Men have a reputation for being sooks when it comes to winter colds and flu but researchers believe "man flu" really does exist and the culprit is testosterone.
US and French scientists have found evidence that testosterone plays a key role in making men's immune responses more sluggish than women's.
It has long been thought that women's immune systems are generally stronger and respond more quickly to infections and vaccinations than that of males, but the cause has been unknown.
The new study blames testosterone for dampening the immune response, suggesting men with high testosterone are more likely to feel the pain of the flu and for longer.
Researchers from Stanford University reported in the medical journal Proceedings of the National Academy of Sciences a difference in how men and women responded to flu vaccines, which are given to trigger an immune response so the body produces antibodies to certain viruses. The researchers measured the immune response in 53 women and 34 men after their annual flu shot, finding that women produced a higher antibody response and bigger amounts of substances known as inflammatory cytokines.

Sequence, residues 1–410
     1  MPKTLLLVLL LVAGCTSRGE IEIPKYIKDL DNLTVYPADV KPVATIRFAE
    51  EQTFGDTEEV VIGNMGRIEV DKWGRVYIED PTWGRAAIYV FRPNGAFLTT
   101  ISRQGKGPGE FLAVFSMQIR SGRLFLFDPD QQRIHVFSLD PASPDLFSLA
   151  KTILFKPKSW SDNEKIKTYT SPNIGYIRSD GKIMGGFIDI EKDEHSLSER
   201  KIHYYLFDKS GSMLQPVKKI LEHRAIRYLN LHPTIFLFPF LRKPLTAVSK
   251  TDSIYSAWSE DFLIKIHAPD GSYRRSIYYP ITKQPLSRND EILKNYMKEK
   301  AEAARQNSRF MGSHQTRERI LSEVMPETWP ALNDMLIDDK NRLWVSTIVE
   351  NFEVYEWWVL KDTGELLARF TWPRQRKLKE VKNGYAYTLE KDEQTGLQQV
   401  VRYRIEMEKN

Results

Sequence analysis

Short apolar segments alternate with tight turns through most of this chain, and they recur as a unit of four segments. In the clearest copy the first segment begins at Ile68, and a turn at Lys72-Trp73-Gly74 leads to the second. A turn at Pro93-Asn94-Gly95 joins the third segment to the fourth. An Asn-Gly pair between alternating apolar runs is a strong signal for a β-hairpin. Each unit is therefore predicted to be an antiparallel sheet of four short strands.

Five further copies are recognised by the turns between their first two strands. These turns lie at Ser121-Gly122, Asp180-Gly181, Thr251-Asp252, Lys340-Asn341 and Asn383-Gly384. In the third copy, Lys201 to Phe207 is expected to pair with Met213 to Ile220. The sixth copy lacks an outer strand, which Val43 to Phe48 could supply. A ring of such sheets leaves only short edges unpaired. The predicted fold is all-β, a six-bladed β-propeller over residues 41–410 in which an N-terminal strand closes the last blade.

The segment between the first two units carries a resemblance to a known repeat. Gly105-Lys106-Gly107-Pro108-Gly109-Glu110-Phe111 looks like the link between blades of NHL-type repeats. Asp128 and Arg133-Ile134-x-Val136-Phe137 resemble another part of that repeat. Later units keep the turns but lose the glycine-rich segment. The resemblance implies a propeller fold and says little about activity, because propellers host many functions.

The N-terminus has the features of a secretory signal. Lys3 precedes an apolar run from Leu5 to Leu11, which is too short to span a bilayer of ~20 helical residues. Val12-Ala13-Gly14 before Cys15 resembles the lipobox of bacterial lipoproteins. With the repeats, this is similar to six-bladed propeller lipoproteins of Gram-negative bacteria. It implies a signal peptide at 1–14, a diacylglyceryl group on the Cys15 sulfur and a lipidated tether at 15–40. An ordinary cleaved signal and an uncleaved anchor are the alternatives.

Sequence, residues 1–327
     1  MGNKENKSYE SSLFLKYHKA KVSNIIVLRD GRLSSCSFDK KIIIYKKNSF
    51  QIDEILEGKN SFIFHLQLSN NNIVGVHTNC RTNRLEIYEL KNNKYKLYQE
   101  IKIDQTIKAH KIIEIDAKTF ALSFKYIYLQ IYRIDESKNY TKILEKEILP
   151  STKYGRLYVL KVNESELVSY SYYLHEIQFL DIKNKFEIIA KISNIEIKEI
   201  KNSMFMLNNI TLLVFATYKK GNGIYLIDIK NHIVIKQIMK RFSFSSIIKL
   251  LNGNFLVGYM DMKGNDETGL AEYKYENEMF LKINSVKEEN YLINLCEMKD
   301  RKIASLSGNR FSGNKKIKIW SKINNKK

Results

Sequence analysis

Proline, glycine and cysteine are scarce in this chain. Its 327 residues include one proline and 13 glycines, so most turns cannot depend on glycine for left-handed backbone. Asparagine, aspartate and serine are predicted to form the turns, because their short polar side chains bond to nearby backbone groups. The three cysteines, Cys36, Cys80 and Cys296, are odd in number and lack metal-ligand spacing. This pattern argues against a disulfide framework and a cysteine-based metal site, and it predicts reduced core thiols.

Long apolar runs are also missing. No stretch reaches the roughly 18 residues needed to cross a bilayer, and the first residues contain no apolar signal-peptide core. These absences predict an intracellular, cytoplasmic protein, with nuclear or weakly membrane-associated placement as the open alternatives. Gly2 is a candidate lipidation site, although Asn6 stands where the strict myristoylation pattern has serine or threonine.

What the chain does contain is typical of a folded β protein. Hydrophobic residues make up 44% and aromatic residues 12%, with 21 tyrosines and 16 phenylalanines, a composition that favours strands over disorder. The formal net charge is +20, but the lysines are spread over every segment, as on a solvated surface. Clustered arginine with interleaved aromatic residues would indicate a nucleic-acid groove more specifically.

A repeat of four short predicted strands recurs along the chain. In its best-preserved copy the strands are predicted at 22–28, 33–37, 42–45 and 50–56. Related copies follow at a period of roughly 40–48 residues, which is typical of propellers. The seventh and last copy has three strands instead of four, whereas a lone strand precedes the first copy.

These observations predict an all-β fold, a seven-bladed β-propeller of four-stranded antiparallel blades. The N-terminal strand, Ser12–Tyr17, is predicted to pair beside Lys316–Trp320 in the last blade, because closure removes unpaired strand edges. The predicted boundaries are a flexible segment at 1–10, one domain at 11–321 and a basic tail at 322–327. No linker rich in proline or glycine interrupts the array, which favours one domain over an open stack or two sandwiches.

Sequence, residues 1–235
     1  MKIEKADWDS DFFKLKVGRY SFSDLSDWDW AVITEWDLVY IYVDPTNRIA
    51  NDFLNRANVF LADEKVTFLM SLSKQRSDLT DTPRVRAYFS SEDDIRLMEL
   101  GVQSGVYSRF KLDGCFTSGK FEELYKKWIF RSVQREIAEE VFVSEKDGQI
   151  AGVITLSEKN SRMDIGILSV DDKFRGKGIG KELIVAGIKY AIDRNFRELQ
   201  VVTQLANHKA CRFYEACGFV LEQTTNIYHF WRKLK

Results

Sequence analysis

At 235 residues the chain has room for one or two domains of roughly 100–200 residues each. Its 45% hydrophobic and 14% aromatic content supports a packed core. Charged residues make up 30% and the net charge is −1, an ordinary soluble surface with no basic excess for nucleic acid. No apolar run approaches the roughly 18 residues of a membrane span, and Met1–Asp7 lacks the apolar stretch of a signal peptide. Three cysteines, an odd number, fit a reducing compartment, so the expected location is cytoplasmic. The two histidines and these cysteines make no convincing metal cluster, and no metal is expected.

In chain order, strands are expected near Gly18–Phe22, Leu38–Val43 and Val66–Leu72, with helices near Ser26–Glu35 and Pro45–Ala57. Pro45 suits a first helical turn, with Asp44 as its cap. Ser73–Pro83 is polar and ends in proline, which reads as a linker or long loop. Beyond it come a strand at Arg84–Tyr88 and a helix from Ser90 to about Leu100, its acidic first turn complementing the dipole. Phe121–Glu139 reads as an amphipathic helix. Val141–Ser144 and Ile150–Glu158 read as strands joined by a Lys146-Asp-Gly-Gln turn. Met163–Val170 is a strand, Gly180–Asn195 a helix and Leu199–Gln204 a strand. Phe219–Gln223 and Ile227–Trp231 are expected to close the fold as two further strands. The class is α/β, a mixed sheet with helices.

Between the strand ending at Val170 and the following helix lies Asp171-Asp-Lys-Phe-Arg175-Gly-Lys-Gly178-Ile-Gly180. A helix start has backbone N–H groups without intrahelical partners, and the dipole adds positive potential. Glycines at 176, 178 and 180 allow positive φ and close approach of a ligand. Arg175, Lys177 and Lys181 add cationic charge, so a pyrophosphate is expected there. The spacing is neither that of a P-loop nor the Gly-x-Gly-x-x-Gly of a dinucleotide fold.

When the researchers tested the volunteers' blood, they found a set of genes that controlled immune responses and appeared to be regulated by testosterone. Men with high testosterone levels had the weakest antibody response.